Why I'm not Gambling Much AnymoreIn the old days when you placed a bet at a casino you really felt like you were taking on the house. And it felt that way because it was that way; when the house paid you it was coming right out of someone else's pocket. You were effectively taking on the casino owners "mano-a-mano" by proxy through their dealers. When the cards were flipped someone was going to win and someone was going to lose. At that moment nothing beyond the padded edge of the table seemed to matter, and if you cashed out a winner you could walk off into the night without even saying goodbye.
Gambling has changed.
For mostly good reasons, ownership of Las Vegas casinos has been taken out of the hands of shadowy crime syndicates and has been placed in the control of huge corporations. This was an inevitability as Las Vegas grew too popular for the government to continue turning a blind eye. However, the notion of gambling has changed as a result - and faster than ever in recent years.
I have been away from the tables for a very long time as I have been less willing to take financial risks over the past decade than when I was younger. When I do play, I usually win at roulette and lose at anything else so I have learned to play just that. I've also learned that the more time you spend gambling the more you risk a catastrophic loss, so I like to stay away from the tables until just before leaving town. In the final hours of my trip I'll come up with a gaming plan, I'll sit down at roulette and I'll get it all done in one short, controlled burst. Win or lose, I get on the plane and that's the end of it - I leave with a predicable win (or an acceptable loss) and no catastrophes.
One Night at The Mirage
One Monday evening I went to bed early in my suite at The Mirage because I had to leave for the airport at 4am. Sure enough, I woke up at 11pm and couldn't sleep. This is Vegas, after all, and I could see right from the bed that Venetian and Palazzo were staring at me. I decided to go downstairs for a few minutes to have a "parting shot" at the house one last time before Hard Rock rips it to shreds in the coming months.
Venetian and Palazzo laughing at me for going to bed so early
As I often try to do, I set loss limits on the way down and committed to myself that I would risk a bankroll of no more than $2000. I also decided to stick very strictly to a very specific stepped-progression scheme I've been refining over most of my adult life. I was out to win no less than $400 but if I shanked it I would have to leave town with a maximum loss of two large. I thought to myself whether I would be able to go back to sleep if I took that kind of a hit!
Photo on the way into the casino to remind me I was cautiously optimistic
I remembered to take a photo of the casino as I entered so I could look at it after the session. Whenever I get pounded by a casino I try to compare my attitude before and after the session. Reviewing photos retrospectively of how I felt just before and after a bad beat helps me reinforce how stupid and unnecessary gambling is.
As I walked onto the floor I saw a guy that had just hit a Blazing Sevens progressive jackpot... Nice! A good sign, perhaps?
A good sign? Dude just hit a Blazing Sevens progressive
After tamping down the jitters the best I could, I walked up to the roulette table and laid out twenty $100 bills and asked to play house blacks inside. The dealer made the call and the pit boss predictably asked if I had a players card. I said I didn't' have one and pre-empted the follow-up question by saying I didn't want one. I don't like being tracked. Not that this will stop them, but I prefer to be mysterious and private while playing and to ignore any distractions. I don't need to be spending any cycles yakking about their benefits of their marketing programs while I'm trying to play.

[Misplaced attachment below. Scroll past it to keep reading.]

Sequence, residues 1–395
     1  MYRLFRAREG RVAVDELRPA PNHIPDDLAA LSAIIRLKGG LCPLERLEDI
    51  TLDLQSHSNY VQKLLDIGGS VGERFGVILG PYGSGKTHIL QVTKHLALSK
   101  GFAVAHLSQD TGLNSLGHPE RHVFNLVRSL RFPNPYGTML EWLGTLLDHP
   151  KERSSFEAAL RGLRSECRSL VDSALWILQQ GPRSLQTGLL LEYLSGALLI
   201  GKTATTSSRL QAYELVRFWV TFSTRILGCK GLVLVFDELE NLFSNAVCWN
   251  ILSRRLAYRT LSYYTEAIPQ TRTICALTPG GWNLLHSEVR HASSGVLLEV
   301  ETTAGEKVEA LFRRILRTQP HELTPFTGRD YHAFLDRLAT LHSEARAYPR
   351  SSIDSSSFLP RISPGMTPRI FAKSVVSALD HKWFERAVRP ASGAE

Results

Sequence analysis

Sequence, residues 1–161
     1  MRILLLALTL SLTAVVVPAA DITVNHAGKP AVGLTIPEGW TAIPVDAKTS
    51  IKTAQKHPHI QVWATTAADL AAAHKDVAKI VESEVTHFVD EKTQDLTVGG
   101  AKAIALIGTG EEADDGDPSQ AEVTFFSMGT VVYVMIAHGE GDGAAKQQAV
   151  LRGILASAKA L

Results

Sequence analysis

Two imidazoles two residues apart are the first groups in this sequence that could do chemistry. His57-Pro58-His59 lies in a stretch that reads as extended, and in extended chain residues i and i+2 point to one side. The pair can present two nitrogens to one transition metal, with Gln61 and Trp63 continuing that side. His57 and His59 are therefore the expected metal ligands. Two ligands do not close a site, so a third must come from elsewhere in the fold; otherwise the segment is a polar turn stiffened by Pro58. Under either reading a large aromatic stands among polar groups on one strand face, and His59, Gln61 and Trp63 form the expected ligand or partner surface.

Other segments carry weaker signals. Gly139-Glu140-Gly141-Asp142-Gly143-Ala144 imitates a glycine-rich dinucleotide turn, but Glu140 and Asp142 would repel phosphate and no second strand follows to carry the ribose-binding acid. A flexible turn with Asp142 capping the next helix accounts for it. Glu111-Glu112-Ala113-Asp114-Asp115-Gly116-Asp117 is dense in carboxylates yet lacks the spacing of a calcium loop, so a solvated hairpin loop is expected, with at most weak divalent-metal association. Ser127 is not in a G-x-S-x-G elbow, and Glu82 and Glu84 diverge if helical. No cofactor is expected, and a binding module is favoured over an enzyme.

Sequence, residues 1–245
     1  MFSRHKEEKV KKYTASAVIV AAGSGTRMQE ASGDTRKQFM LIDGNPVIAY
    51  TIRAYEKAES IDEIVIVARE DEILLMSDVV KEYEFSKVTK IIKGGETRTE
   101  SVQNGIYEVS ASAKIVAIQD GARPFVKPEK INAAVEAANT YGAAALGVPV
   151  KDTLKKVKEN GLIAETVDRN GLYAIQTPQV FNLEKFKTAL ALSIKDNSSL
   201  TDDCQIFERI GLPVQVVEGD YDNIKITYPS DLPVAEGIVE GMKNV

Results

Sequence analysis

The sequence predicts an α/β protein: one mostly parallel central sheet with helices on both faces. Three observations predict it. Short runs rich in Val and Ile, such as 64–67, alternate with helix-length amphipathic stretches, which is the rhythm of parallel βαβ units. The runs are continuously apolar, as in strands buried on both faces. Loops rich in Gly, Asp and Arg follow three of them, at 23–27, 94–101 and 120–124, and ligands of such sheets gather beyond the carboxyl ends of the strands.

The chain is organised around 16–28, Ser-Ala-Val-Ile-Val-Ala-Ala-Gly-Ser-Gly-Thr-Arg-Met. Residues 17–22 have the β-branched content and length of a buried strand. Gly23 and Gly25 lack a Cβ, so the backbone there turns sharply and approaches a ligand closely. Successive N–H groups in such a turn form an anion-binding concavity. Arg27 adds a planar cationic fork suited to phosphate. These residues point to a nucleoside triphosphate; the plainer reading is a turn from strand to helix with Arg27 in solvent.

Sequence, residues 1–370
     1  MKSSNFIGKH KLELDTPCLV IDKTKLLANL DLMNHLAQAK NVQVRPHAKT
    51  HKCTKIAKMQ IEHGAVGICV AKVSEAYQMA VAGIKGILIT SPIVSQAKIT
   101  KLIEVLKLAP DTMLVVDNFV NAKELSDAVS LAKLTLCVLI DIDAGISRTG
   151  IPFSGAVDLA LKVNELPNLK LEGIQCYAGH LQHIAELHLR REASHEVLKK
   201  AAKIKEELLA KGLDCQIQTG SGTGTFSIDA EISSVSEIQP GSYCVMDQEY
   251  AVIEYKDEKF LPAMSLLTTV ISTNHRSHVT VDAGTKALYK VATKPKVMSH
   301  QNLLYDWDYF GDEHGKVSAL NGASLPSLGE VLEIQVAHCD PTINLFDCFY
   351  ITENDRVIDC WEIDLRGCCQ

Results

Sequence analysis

The Session Begins
With a single stack of black chips I laid out my first arrangement which is a cover spread and a single corner. I hit the cover but I missed the corner. Up $200.
I got a little nervous that I was laying too wide a footprint so I took the corner off. I hit the cover again. Up $300 more.
Now I was feeling it. I went back to my slightly bolder original bet and BANG - I hit both the main cover and also the corner bet. Up another $1100.
I was committed to walking away so I locked up a $1000 profit and I went in for a kill shot. I bedazzled a specific number with $300 and missed it by one pocket. Frustrated, I went for one more kill shot just to get my name mentioned in the next Seminole Hard Rock board meeting but I missed that one too - and again only by a single fret. Twice I had been millimeters away from an $8,000 hit and totally dominating this table. I wanted to be so angry! But I couldn't be, as I was too preoccupied thinking about the $1000 of the table's fill chips that I was going to haul back to the cage. I colored up and headed for the cashier, stopping only long enough to snap a photo of the take.
Two of mine, one of theirs
Things turn Sour at the Cage
I clicked the three chips on the cashier's marble counter and she asked if I had a player's club card. I said I didn't and handed her my driver's license. Just then someone I'll refer to as "BOSS LADY" slinked out from behind an inconspicuous wooden panel in the wall and stuck a post-it note in front of the cashier's keyboard. It had all sorts of scratchings and codes on it that I couldn't make out. The only thing on it I could read clearly said "3 mins" and was underlined twice.
Upon reading the note the cashier exclaimed "wow, you won all this in only three minutes?" I honestly didn't know how to react to that. Firstly, not all the chips were won - two of them were simply purchased, and I thought she would have known that. Additionally I wasn't surprised that they knew I only played three minutes, but I was surprised that they had gotten to the cage as fast as I did and that they were obviously tracking me very actively. I didn't think my play would have stood out like that at midnight at a Strip casino.